• Absence of plasma cells throughout the body
    • Low levels of all antibody classes, including IgG, IgA, IgM, IgE, and IgD
    • Normal-to-high levels of T cells
  • Genetic testing is used to confirm the diagnosis and identify the specific Btk mutation.


  • There is no cure, but management can increase the patient’s lifespan and quality of life.
  • Mainly consists of lifelong weekly or monthly immunoglobulin replacement therapy (IVIG)
  • Prophylactic antibiotics are administered to prevent infections.
  • Live vaccines are contraindicated (increased risk of vaccine-related polio)

Differential Diagnosis

The following conditions are differential diagnoses for X-linked agammaglobulinemia.

  • Autosomal recessive or dominant agammaglobulinemia: a rare form of primary immunodeficiency disease characterized by a complete or near-complete absence of immunoglobulins, which leads to variable immune dysfunction and frequent/recurrent bacterial infections. Molecular genetic testing is required to determine the causative genetic defect.
  • Common variable immunodeficiency (CVID): a type of primary immunodeficiency characterized by reduced serum levels of immunoglobulins IgG, IgA, and IgM. The underlying causes of CVID are largely unknown. Patients with this condition are prone to infections in the gastrointestinal tract and the upper and lower respiratory tracts and have a higher risk of developing autoimmune, granulomatous, and neoplastic diseases.
  • Hyper IgM syndrome: a disorder caused by an X-linked mutation in the CD40 ligand gene that results in abnormal signaling between B and T lymphocytes. Presentation is mild and often only presents in later life as opportunistic infections and immune dysregulation of IgE eosinophils, B cells, NK cells, and CD8+ T cell proliferation and activation.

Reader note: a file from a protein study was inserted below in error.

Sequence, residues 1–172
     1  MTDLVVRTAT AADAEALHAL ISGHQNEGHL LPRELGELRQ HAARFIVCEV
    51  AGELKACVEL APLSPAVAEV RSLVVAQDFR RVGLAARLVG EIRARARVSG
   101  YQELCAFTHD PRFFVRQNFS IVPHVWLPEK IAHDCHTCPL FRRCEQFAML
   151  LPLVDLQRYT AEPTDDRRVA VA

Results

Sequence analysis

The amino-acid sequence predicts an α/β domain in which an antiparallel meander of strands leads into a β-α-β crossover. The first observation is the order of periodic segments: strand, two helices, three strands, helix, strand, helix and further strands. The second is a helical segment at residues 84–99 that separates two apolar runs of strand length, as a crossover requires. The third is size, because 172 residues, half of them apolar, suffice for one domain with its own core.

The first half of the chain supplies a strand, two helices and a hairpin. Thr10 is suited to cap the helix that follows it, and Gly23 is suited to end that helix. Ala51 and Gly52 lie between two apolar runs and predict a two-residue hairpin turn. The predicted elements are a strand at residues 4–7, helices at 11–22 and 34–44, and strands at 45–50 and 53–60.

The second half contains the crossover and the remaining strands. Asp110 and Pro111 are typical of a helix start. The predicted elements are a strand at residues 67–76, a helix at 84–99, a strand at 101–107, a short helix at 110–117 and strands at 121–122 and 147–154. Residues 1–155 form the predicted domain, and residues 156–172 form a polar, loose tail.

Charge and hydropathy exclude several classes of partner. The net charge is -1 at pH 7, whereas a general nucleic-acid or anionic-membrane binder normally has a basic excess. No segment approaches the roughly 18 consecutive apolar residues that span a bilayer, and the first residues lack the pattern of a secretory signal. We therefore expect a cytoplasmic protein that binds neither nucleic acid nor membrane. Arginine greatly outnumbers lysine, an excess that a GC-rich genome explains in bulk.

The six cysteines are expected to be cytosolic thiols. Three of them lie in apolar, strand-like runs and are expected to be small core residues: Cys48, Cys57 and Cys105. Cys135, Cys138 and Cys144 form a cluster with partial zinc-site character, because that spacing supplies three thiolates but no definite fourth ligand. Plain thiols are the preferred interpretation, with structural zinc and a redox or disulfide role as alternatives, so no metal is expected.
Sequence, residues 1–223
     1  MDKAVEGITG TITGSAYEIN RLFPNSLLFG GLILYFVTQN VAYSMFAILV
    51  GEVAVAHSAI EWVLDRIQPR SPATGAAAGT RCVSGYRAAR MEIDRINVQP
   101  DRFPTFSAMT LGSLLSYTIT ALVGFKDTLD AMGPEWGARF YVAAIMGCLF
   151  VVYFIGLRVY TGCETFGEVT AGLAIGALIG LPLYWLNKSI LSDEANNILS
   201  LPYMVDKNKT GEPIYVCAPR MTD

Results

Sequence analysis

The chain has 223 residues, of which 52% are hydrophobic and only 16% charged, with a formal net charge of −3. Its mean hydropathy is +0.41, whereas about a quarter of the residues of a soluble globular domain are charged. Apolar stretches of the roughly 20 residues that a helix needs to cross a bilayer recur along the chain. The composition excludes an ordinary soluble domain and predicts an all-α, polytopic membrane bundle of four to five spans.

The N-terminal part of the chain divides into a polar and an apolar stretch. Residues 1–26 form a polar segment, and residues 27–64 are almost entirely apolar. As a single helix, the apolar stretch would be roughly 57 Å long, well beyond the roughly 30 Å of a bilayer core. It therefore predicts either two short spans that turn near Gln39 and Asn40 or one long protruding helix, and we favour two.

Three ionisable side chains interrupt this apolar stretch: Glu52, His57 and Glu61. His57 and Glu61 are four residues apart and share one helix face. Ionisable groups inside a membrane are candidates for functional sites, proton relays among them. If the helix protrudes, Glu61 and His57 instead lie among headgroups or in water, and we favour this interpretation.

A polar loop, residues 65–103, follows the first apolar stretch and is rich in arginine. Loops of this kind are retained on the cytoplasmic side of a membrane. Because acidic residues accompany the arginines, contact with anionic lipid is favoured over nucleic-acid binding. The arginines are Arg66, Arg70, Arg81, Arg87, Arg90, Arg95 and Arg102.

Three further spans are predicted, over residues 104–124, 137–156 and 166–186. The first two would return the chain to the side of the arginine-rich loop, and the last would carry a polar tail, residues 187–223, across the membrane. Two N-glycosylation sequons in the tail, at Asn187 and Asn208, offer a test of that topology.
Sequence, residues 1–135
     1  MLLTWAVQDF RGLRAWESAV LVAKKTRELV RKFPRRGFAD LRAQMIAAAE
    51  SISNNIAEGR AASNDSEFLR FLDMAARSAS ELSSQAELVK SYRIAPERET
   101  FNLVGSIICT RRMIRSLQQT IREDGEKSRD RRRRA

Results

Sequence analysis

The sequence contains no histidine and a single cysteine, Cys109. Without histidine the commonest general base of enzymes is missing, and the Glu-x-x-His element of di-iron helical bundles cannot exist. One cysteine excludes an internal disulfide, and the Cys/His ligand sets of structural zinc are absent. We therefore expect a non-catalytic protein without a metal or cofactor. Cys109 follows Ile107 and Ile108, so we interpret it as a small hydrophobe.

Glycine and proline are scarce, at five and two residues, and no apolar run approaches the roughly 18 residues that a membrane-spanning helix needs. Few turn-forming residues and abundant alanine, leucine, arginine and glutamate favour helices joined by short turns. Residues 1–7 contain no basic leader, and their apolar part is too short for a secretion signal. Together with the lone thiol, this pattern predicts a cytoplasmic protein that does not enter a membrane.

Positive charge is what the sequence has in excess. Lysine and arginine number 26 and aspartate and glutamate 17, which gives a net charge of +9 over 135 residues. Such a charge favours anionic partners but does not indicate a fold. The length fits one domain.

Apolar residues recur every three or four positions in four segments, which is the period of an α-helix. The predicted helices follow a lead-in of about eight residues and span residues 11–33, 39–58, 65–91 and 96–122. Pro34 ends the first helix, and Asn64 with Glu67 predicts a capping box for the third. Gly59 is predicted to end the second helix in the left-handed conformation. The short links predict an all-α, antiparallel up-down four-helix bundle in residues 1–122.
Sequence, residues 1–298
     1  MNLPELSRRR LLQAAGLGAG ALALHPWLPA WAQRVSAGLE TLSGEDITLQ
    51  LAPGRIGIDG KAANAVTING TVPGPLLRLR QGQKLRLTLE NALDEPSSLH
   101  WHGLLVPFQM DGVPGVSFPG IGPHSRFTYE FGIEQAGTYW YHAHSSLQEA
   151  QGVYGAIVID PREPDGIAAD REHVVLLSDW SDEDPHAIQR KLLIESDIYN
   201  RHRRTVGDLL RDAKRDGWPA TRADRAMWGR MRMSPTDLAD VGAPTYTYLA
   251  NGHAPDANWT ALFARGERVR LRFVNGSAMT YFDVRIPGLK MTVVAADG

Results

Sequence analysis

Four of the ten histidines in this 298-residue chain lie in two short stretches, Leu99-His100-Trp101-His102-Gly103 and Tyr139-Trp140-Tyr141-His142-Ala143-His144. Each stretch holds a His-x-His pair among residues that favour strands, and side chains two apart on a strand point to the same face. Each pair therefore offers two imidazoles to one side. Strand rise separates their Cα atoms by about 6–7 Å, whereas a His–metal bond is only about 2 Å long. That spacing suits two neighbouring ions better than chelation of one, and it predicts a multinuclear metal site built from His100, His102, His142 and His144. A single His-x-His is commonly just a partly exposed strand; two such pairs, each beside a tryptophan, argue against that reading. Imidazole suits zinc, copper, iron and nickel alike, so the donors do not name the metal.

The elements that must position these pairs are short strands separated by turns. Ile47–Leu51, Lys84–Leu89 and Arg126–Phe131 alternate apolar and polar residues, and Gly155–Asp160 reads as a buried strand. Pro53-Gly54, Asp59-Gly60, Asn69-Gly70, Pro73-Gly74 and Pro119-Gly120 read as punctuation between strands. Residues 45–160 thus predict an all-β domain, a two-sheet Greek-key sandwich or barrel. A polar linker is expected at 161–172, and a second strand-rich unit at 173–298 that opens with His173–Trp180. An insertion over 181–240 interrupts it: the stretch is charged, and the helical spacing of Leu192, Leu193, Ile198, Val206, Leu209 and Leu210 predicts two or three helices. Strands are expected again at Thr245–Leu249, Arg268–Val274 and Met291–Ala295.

• Severe combined immunodeficiency (SCID): the most severe form of primary immunodeficiency, SCID is a genetic disorder that involves defective antibody response due to either direct involvement with B lymphocytes or through improper B-lymphocyte activation due to non-functional T-helper cells. Presents as severe and recurrent opportunistic infections and is diagnosed through quantitative PCR and flow cytometry
  • Ataxia telangiectasia: a rare, autosomal recessive disorder characterized by the association of severe combined immunodeficiency, tumor development, and neurological abnormalities. Presents as gait ataxia, apraxia, abnormal movements, telangiectasia, recurrent pulmonary infections, and a higher risk of lymphoma, leukemia, and gastric carcinoma


  1. Le, T., & Bhushan, V. (2020). First Aid for the USMLE Step 1 (30th anniversary edition) (P. 116). New York: McGraw-Hill Medical.
  2. Kumar, V., Abbas, A. K., Aster, J. C., & Robbins, S. L. (2013). Robbins basic pathology (P. 140, 141). Philadelphia, PA: Elsevier/Saunders.
  3. U.S. National Library of Medicine. (Reviewed 2015, published 2020). X-linked agammaglobulinemia. https://ghr.nlm.nih.gov/condition/x-linked-agammaglobulinemia#genes
  4. Genetic and Rare Diseases Information Center. X-linked agammaglobulinemia. National Center for Advancing Translational Sciences; rarediseases.info.nih. Retrieved August 17, 2020, from https://rarediseases.info.nih.gov/diseases/1033/x-linked-agammaglobulinemia